New Federal Program to Help Cities Plan ‘Thriving Neighborhoods’
The U.S. Department of Transportation announced an award of $21 million for 64 communities to coordinate transit, mobility, and land-use plans and navigate infrastructure funding opportunities.
Economic development authorities spend lots of time trying to get businesses to put down roots in their cities and to keep homegrown industries in place: assembling land, navigating tax incentives, and helping out with licensing and permitting and zoning regulations. The Hinds County Economic Development Authority in the Jackson, Miss., metro area does a lot of that too.
But when Tamika Jenkins took over as executive director last summer, she wanted to use some of the authority’s resources to emphasize neighborhood vitality and quality of life. Jackson has endured a series of acute crises, including a total loss of drinking water last summer and a sudden stoppage of trash collection earlier this month, which have punctuated the longer-term trends of population decline, disinvestment and apparent hostility from the state government. If the city wants to attract businesses and build the economy, it has to also be a place where people want to live, Jenkins says.
At some point last year, Jenkins was tipped off by a tweet that the U.S. Department of Transportation was soliciting applications for a new program called Thriving Communities. The program is designed to help under-resourced cities and towns navigate federal grant programs, including the multitude of opportunities in the recent infrastructure bills, in order to “advance a pipeline of transformative infrastructure projects that will increase mobility, reduce pollution and expand affordable transportation options,” according to a program description.
The city of Jackson and the Hinds County Economic Development Authority applied together, and earlier this month were selected to receive assistance. The program will help cities advance a broad spectrum of projects and plans. Jenkins says she hopes to focus on mobility in South and West Jackson — “the parts that haven’t been invested in” — by building safer sidewalks and better streets and parks.
“I hope the outcome from this project would be people being proud of their neighborhoods — taking pride in where they live,” Jenkins says.
A New Model
The Thriving Communities Program is part of a larger federal effort to provide technical assistance to poor and disinvested urban, rural and tribal communities. The first round of awards were announced in April for 64 communities, totaling $21 million. But instead of granting funds directly to cities, the program awarded money to four teams of “capacity builder” organizations that will work with groups of cities with similar aims and challenges.
The grants are split into four categories — Main Streets, Complete Neighborhoods, Complete Transit-Oriented Neighborhoods, and Networked Communities — with distinct but overlapping focuses. The Main Streets category, for example, is geared toward transportation and development issues in small and rural communities, while the Complete Neighborhoods category is focused on building safe streets and coordinating transportation and land use in suburbs and cities.
“I think it’s going to give us an opportunity to try a bunch of different models and see what works best,” Trottenberg says. “I think this is very creative and cutting-edge.”
The clean-energy think tank RMI, formerly known as the Rocky Mountain Institute, is the recipient of the $5.1 million Thriving Communities grant for Complete Neighborhoods, the cohort of communities that includes Jackson and Hinds County, Miss. Ben Holland, RMI’s manager for urban transformation, says the organization has been “a classic environmental think tank” that has focused lately on vehicle electrification as the core of its climate strategy. But Holland and others are pushing for a greater focus on transportation and land-use planning as an emissions-reduction strategy.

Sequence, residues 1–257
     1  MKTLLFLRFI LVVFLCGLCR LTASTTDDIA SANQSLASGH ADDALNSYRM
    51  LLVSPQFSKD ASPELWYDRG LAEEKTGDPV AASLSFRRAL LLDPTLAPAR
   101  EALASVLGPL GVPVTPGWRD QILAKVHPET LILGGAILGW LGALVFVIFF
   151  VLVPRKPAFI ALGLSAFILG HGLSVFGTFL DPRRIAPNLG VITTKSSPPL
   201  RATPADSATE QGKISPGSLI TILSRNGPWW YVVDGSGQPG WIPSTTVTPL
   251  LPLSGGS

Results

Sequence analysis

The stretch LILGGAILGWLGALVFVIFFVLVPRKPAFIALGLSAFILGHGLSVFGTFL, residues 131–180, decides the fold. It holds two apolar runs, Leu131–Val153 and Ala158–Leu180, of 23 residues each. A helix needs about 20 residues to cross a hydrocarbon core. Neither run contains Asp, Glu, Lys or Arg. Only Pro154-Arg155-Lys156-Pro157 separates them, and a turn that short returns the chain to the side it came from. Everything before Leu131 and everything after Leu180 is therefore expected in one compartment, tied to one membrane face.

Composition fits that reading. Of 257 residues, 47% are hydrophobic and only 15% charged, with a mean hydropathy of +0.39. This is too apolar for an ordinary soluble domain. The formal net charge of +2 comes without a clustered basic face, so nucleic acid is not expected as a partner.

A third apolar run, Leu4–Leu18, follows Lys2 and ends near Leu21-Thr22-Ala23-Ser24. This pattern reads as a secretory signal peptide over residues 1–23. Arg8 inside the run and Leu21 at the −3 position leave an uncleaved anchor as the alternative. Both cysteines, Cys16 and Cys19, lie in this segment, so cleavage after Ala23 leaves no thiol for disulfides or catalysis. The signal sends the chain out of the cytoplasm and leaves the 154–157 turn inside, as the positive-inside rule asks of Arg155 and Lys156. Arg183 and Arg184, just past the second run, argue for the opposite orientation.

“In addition to electrification we need to reduce vehicle miles traveled and increase the viability of transit, walking and biking,” Holland says. “[We need] more of a holistic land use and transportation planning perspective, and this is kind of the perfect opportunity to do it.”
RMI is leading a team with expertise in multimodal planning and environmental analysis that also includes the American Council for an Energy-Efficient Economy, CivicWell, Equitable Cities, ioby, Nelson\Nygaard and the Shared-Use Mobility Center. Together they will work with Complete Neighborhoods cities to provide “ongoing, individualized deep-dive support to communities based on their unique needs and visions.”
That might look like a series of group convenings around topics of shared interest in the grantee communities — things like bicycle master plans or planning safe routes to schools — as well as “ad hoc, on-demand technical assistance.” It may also include helping communities hone concepts around transportation projects and plans.
“A lot of this is TBD,” Holland says.
In Jackson, events like the water crisis and trash collection stoppage breed low morale among residents and contribute to the city’s population loss, Jenkins says. On top of that, there hasn’t always been strong coordination between the city of Jackson, Hinds County and the economic development authority.
But those groups built new ties through the application for the Thriving Communities award. Ideally, the program will help Jackson and other cities access federal funds for planning and transportation projects that they wouldn’t otherwise get. But for Jenkins, it’s also a chance to bring coordinated focus on strategic planning among all the local authorities.
“This project has the potential to bring us all together,” she says.